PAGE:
In spite of the growth of these ideas in various Christian contexts, this development has seen little extended research so far, although there are a few exceptions (Clatterbuck 2014, Gifford 2001, 2003, 2009, Girard 2014, Helgesson 2006, Kalu 2008). This oversight becomes even more visible by comparing it to another phenomenon within Southern Pentecostal and Charismatic churches which has received an enormous amount of scholarly attention in recent years: the “prosperity gospel” and its connection to various local understandings of society, economics, agency, morality, health, and the body (Attanasi and Yong 2012, Gifford 2004, Haynes 2012, Heuser 2015, Meyer 2002). As with prosperity preaching in Pentecostal churches, it is likely that Christian Zionism in the South is affected by both global and local factors: local theologies, ethnic genealogies, narrative traditions, Bible reading practices, missionary histories, and the globalization of Evangelical media. It is also likely that Christian Zionism, like the prosperity gospel, connects with various understandings of society, economics and politics but also that it contributes to reshape these understandings when introduced in a new context. Yet, so far, very little about these processes is known: how Christian Zionism globalizes; its paths of circulation; and the ways in which it localizes in different contexts and communities. While it is, of course, very difficult to estimate with any precision either the size or the global reach of the phenomenon—not to mention the heterogeneous movement that is crystallizing around these ideas—the information that does exist points to a Christian interest in Israel that far outweighs the paucity of research that exists on the topic.
An added benefit of research into Christian Zionism in non-European/non-North American contexts would be the possibility of comparing the trajectories along which it develops, and to test interpretations of it that are available in research to date, including those in this study. As already pointed out, existing research has stressed theological trends such as premillennial dispensationalism (Weber 2004), (“literalist”) bible reading practices (Ariel 2002, Spector 2009), and, more recently, the connection to national or communal identities (Smith 2013, Stewart 2015). How well would those interpretations hold water when applied to Zionist Pentecostals or Charismatics in Brazil, Nigeria, South Korea, or South Africa? In what ways would they challenge or support existing theories about the phenomenon? While cross-cultural comparison is difficult, and perhaps should be embarked upon with some caution, it would also provide interesting questions of benefit to the field. If Christian Zionism is approached less as a fixed belief tradition and more as a “cross-contextually recognizable system of symbolic associations” (Engberg and Stewart 2014)—between biblical Israelites and modern day Israelis, between biblical Israel and the State of Israel, and between historical events and eschatological narratives—such comparisons might not only be feasible, but highly beneficial to the understanding of the phenomenon as a whole.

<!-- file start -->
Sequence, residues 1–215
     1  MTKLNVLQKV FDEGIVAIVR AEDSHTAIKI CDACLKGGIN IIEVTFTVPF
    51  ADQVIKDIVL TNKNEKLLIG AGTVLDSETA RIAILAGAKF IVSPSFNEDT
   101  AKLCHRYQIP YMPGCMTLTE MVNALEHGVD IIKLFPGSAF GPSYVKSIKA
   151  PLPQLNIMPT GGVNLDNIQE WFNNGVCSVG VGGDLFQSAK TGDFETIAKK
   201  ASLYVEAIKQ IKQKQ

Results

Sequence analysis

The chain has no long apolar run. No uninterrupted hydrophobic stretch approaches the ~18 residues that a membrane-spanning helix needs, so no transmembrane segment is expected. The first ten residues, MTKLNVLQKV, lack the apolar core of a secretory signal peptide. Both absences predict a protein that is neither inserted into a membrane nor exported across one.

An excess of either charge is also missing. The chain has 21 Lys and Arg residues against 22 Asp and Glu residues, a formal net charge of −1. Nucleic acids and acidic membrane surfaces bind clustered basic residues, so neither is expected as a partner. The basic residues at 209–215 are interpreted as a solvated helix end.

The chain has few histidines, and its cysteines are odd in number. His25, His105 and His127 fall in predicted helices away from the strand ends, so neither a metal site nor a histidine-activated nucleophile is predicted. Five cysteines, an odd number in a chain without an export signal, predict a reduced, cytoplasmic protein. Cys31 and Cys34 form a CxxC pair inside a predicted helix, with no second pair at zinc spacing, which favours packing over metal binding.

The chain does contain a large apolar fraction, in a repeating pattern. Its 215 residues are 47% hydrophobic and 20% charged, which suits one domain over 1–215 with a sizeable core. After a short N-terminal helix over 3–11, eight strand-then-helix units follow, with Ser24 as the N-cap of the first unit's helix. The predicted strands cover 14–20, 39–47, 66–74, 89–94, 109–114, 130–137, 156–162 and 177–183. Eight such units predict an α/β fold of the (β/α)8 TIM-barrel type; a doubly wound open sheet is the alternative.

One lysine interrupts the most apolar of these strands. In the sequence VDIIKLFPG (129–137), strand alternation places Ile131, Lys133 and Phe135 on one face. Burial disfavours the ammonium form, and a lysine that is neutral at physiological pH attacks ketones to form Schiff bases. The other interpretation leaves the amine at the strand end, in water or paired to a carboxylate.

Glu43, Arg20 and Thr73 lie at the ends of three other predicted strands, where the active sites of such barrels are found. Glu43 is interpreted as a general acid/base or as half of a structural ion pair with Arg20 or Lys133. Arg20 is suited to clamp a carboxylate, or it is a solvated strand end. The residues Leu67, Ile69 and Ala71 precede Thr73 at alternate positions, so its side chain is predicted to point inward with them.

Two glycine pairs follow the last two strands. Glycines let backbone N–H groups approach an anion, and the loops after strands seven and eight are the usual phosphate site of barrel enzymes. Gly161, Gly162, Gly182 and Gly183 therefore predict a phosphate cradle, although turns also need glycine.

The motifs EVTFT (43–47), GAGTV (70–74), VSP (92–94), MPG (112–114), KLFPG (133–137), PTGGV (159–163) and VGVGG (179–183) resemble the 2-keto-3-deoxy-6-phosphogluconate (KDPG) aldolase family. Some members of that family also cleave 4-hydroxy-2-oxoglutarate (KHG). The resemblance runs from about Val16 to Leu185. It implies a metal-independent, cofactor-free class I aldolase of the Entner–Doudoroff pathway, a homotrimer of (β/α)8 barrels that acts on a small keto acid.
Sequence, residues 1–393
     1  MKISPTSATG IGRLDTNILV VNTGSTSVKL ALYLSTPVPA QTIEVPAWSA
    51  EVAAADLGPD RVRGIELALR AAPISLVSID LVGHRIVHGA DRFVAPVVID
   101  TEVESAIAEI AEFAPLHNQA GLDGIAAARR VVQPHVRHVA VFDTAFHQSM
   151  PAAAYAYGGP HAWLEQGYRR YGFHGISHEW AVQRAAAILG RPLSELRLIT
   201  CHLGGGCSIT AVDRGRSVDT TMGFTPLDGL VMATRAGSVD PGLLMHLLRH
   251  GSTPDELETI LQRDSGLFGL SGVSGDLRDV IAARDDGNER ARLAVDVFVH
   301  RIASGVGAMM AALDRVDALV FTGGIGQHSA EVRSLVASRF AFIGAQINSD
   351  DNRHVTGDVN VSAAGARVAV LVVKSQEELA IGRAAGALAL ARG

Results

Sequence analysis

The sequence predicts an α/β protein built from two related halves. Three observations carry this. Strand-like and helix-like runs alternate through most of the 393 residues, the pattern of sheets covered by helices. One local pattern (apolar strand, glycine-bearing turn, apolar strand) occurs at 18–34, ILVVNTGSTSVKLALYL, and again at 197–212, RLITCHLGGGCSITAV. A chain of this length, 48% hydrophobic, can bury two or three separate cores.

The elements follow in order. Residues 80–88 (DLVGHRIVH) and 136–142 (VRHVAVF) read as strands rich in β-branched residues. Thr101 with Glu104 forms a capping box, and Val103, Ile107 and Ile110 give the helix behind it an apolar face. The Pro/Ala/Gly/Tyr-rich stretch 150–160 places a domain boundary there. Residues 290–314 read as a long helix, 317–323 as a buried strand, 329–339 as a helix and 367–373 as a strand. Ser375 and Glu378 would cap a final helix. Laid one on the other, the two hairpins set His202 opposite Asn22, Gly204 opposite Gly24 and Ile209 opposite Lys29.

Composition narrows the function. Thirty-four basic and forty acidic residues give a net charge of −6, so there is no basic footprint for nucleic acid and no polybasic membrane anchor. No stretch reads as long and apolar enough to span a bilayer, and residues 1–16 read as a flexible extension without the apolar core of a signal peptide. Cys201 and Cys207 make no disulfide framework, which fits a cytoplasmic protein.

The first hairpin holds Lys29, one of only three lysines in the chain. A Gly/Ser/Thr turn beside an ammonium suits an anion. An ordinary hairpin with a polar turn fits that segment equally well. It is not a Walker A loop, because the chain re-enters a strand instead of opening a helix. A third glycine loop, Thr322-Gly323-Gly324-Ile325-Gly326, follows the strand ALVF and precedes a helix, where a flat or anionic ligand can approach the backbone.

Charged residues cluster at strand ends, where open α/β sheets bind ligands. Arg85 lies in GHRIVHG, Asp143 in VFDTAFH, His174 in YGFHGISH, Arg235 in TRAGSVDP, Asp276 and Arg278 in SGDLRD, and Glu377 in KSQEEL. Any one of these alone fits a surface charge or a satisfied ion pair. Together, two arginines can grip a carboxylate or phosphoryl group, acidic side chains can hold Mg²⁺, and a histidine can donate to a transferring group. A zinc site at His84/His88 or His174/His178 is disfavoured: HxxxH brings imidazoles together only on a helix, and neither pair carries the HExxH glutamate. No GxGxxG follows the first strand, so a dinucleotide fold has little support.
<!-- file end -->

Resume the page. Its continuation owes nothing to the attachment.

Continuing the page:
Contesting Language Ideologies
In Beyond Logos (2011), Jon Bialecki and Eric Hoenes del Pinal develop an argument for an expanded study of Christian language ideologies as competing, contrasting, and contested. As I noted in Chapter One, they argued that, although Christian language has been studied in many different contexts, the general picture of Christian—particularly Protestant—language has been surprisingly uniform: centering around the sincere speaking subject, and privileging interiority, intimacy, and intentionality as an ethics of speech (2011, 580). While several authors have recognized the reality of competing language ideologies, these contestations have often been analyzed in missionary contexts where a pre-Christian language ideology has been contrasted against ideological stances arriving with the missionaries (e.g. Keane 2007, Robbins 2001). The emergence of new language practices in these accounts has often been understood to be derived from a modern Christian culture fundamentally shaped by Western Protestantism.